I had not driven any vehicle for a very long time, and I had never driven anything as big as Ben. High-sided and heavy (and more importantly, subject to a $1,300 deposit), driving him was a daunting task. We could take no chances, nor could we attempt speed or sudden changes of direction or velocity. Road trains overtook us. We knew we would have to get faster and endure longer distances in the days to come, but for now we were taking modest steps. Our official final destination was Shark Bay, 833km away, but in our minds we really wanted to go further - to Coral Bay and Ningaloo Reef, a further 500km away. We knew that some days driving we would see few people and even fewer settlements; we knew there would be days when driving between neighbouring towns would take the entire day, with no services in between. So day one would be to orientate ourselves - our target became Jurien Bay, 267km up the coast. By nightfall we were exhausted: we had taken frequent breaks and switched drivers often. Less than two weeks later I would drive the same distance in one stint with absolute ease.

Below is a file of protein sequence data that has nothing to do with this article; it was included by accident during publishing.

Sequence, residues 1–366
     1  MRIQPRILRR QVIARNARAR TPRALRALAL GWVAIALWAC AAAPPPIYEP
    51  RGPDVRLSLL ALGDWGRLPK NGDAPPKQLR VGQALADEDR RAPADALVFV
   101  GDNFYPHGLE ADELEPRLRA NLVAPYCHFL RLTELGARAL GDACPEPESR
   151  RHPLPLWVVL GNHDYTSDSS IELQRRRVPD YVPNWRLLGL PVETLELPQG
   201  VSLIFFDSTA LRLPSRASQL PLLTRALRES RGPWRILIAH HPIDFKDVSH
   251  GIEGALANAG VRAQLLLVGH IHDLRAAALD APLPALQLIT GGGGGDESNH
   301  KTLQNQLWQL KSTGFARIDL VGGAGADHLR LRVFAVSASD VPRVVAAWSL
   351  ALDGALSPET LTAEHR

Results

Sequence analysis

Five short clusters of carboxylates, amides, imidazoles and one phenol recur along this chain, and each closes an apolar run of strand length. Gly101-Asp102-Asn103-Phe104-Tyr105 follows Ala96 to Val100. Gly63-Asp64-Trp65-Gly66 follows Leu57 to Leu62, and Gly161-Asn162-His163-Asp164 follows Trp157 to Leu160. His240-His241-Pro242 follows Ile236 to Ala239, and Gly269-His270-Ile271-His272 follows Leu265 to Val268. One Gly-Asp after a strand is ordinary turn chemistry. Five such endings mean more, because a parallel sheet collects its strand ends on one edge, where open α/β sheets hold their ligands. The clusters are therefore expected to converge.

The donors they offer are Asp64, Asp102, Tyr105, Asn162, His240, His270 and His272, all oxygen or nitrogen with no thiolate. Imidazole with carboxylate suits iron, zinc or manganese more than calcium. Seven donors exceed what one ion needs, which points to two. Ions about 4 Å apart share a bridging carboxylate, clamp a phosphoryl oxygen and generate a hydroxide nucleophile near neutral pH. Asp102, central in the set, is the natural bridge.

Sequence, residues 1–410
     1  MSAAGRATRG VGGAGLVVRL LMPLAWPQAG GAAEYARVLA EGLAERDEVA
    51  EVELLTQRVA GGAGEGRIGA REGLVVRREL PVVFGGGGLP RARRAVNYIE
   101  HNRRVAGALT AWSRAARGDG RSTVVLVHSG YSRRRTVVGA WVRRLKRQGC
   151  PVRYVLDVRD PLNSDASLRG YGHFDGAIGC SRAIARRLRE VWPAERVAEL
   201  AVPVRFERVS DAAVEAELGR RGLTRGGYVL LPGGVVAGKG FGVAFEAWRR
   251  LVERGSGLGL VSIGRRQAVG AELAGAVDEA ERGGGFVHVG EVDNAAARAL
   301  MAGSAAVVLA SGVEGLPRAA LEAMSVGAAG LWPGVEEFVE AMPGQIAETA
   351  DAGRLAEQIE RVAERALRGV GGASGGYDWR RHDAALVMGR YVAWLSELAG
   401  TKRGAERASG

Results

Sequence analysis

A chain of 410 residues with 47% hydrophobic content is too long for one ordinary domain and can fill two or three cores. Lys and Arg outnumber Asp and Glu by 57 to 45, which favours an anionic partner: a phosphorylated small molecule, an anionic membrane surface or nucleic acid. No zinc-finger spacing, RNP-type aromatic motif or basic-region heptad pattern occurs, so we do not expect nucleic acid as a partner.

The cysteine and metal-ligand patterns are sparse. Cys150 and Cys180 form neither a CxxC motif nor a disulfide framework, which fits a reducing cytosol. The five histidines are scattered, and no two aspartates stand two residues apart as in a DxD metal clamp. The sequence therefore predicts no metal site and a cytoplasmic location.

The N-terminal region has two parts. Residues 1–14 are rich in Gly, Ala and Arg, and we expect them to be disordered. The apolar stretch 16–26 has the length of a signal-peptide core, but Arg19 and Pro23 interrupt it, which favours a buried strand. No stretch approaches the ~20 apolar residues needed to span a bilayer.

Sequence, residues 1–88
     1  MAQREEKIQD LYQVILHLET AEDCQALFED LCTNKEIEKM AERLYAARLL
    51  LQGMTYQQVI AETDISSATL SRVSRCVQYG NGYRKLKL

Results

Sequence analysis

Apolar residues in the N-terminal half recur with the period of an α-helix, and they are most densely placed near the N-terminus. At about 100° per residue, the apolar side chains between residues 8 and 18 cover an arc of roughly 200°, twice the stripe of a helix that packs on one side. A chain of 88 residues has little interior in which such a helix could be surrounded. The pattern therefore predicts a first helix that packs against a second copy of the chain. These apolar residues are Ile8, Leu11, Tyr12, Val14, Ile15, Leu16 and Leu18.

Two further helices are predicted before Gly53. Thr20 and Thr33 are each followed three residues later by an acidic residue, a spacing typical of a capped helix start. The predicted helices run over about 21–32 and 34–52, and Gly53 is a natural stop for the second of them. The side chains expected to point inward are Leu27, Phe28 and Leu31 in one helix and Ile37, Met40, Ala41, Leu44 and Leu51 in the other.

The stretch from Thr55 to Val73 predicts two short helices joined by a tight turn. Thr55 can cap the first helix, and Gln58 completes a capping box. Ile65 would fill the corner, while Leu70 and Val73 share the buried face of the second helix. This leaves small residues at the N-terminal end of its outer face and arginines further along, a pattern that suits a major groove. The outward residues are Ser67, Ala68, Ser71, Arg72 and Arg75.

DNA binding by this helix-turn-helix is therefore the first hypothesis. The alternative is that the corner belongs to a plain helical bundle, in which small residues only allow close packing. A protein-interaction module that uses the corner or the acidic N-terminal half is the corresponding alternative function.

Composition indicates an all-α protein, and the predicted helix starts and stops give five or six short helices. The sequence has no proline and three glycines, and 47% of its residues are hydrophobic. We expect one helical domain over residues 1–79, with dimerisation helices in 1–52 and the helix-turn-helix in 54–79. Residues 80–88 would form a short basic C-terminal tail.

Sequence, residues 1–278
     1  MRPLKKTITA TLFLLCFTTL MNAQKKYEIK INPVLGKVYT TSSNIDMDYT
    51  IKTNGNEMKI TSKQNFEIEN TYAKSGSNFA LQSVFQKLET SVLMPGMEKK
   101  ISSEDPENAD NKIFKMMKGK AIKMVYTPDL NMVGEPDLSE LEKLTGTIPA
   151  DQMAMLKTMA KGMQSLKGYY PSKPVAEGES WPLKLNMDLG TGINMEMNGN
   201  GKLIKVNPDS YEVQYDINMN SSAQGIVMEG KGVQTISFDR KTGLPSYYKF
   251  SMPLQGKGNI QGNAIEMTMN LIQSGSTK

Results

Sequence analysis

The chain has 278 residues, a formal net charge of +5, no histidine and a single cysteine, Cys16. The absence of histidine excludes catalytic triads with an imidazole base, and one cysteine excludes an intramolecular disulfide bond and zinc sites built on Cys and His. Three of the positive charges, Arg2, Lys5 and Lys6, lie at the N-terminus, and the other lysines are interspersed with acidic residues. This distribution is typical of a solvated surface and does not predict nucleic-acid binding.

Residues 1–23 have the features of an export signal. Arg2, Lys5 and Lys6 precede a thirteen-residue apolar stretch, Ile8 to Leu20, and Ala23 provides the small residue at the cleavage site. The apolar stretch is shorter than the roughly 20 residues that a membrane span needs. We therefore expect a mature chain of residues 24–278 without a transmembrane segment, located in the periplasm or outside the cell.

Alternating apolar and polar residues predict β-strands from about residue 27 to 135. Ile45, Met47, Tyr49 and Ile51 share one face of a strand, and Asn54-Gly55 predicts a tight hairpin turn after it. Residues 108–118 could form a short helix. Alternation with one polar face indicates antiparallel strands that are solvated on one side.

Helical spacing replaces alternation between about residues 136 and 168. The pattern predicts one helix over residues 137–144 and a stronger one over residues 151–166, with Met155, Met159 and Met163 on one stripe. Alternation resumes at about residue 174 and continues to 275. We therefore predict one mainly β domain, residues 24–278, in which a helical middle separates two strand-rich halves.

Over the course of our journey I became an irritating bundle of excitement.